Marriage and the Family in the Middle Ages

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Harper Collins, Aug 3, 2010 - History - 384 pages
1 Review
A compelling, lucid, and highly readable chronicle of medieval life written by the authors of the bestselling Life in a Medieval Castle and Life in a Medieval City

Historians have only recently awakened to the importance of the family, the basic social unit throughout human history. This book traces the development of marriage and the family from the Middle Ages to the early modern era. It describes how the Roman and barbarian cultural streams merged under the influence of the Christian church to forge new concepts, customs, laws, and practices. Century by century it follows the development -- sometimes gradual, at other times revolutionary -- of significant elements in the history of the family:

  • The basic functions of the family as production unit, as well as its religious, social, judicial, and educational roles.

  • The shift of marriage from private arrangement between families to public ceremony between individuals, and the adjustments in dowry, bride-price, and counter-dowry.

  • The development of consanguinity rules and incest taboos in church law and lay custom.

  • The peasant family in its varying condition of being free or unfree, poor, middling, or rich.

  • The aristocratic estate, the problem of the younger son, and the disinheritance of daughters.

  • The Black Death and its long-term effects on the family.
  • Sex attitudes and customs: the effects of variations in age of men and women at marriage.

  • The changing physical environment of noble, peasant, and urban families.

  • Arrangements by families for old age and retirement.

 

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Marriage and the family in the Middle Ages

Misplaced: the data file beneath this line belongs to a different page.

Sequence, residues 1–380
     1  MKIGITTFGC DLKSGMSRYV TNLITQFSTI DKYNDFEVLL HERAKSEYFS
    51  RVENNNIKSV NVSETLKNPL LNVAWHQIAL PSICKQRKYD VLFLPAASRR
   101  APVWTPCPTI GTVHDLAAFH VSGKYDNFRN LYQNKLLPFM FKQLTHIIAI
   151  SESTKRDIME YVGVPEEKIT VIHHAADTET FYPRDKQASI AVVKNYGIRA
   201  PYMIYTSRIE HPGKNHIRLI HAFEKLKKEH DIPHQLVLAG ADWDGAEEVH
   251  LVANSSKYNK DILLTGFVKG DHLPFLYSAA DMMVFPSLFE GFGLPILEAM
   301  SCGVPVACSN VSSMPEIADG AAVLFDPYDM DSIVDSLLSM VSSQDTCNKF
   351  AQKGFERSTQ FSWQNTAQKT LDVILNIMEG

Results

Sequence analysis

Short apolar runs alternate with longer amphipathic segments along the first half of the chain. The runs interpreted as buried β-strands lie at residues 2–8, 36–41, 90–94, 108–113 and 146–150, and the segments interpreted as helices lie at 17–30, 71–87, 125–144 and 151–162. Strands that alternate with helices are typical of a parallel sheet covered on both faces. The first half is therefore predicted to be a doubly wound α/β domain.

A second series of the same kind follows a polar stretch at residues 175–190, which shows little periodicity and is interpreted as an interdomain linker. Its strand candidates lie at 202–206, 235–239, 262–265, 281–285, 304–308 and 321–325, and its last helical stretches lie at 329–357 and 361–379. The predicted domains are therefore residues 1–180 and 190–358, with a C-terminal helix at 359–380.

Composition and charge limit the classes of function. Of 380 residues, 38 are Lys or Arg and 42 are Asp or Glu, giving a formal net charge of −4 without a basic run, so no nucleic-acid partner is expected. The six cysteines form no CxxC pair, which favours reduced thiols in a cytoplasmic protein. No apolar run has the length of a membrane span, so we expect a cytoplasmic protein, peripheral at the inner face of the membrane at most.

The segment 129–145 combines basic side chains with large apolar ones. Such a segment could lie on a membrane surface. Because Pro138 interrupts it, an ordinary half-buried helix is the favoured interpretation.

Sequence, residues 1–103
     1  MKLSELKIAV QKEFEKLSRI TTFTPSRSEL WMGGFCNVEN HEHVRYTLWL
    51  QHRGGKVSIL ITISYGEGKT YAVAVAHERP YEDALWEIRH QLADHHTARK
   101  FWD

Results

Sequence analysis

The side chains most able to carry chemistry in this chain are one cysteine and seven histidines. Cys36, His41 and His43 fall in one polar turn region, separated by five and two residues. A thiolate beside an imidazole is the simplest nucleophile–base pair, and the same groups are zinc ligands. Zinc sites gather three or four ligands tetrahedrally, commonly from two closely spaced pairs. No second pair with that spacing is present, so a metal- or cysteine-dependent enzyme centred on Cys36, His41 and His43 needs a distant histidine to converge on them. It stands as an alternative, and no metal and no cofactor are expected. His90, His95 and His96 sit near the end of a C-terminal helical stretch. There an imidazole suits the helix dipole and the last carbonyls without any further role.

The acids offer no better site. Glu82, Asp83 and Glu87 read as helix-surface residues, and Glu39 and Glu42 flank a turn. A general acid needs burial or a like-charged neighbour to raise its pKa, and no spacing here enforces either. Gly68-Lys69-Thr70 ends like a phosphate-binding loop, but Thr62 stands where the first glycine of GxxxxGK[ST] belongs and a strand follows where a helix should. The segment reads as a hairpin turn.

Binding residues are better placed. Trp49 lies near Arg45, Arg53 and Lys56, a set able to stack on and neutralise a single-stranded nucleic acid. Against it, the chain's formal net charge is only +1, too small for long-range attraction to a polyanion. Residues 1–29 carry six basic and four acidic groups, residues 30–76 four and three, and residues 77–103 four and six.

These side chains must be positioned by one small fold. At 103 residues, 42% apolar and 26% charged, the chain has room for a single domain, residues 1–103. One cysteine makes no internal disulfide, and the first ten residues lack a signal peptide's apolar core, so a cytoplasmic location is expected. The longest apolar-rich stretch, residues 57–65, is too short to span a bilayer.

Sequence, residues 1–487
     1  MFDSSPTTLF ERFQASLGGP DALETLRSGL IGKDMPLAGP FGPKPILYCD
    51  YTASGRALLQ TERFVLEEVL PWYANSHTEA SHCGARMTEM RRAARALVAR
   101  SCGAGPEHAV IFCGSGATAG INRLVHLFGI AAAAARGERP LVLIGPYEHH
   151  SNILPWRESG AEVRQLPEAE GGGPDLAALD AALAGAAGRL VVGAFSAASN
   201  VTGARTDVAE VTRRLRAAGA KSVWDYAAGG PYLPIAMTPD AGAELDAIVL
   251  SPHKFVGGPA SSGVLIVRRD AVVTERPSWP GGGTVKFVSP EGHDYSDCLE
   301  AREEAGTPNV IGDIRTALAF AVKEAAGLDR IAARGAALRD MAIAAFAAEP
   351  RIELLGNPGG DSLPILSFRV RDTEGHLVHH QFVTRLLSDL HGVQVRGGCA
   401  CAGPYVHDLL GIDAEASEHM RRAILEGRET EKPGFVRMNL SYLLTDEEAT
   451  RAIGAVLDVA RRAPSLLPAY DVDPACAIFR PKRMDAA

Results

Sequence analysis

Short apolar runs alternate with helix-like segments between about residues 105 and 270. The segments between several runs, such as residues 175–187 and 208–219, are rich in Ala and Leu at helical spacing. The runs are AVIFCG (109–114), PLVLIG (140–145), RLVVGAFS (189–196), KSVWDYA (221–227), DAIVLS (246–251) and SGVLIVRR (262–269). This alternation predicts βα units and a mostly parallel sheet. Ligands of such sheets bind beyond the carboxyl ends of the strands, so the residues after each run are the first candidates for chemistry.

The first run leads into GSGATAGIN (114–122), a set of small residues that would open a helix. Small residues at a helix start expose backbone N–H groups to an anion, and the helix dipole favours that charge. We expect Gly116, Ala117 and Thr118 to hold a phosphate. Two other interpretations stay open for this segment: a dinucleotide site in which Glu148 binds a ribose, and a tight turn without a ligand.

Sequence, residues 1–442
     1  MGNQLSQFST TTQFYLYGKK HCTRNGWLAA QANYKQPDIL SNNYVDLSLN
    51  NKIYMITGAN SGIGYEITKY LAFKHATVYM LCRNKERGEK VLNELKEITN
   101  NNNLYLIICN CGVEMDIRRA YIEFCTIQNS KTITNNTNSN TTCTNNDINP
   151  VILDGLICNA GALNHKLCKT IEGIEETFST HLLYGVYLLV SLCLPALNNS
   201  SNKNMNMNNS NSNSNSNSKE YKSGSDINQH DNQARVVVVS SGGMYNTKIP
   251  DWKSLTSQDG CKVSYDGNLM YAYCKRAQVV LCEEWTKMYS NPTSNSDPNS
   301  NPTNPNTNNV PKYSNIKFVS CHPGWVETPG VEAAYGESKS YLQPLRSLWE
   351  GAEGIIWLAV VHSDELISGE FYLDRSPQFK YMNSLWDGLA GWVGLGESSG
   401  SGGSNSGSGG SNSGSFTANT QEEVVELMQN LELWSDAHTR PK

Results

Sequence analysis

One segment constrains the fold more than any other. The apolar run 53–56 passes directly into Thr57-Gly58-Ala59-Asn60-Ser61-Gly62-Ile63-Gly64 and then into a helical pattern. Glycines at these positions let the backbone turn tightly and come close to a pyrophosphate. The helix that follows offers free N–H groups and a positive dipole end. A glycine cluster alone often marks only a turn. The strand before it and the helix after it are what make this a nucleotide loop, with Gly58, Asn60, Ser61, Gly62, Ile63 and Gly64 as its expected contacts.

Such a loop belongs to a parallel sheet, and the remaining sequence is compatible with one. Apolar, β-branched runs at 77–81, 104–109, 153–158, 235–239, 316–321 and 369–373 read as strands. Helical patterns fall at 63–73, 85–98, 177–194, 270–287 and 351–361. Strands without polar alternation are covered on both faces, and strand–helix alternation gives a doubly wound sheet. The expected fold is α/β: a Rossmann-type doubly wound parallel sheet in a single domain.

User Review  - Not Available - Book Verdict

Two experienced popular historians have assembled a well-researched and well-written overview of a lively topic in medieval scholarship, the history of the family. They start from the Roman, Germanic ... Read full review

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This is a great book. The narrative can be a bit dry in places, and a little redundant in some spots, however it stands as a solid work despite these setbacks. You should be aware of your motivation prior to reading this book. If you are bored and looking for something "entertaining" to read, then I would suggest passing on this title. However, if you want to brush up on family customs, marriage, and medieval life in general, and you want to read factual accounts that have been painstaking recreating from actual surviving documents and not someone's guesswork, then this is definitely an invaluable reference. It is by far the most scholarly work of it's type I have personally seen on the subject.  

Contents

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II
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3
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4
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5
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Marriage and the Family in the Year 1000
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IV
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11
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12
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Marriage and the Family After the Black Death
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V
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15
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III
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10
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Marriage and the Family in the Year 1300
iii
Bibliography
xx
Searchable Terms
xlvi
Acknowledgments
lxiv
Copyright
lxvi
About the Publisher
lxx
Copyright

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About the author (2010)

Frances (1915–2013) and Joseph (1916–2006) Gies were the world’s bestselling historians of medieval Europe. Together and separately, they wrote more than twenty books, which col-lectively have sold more than a million copies. They lived in Michigan.

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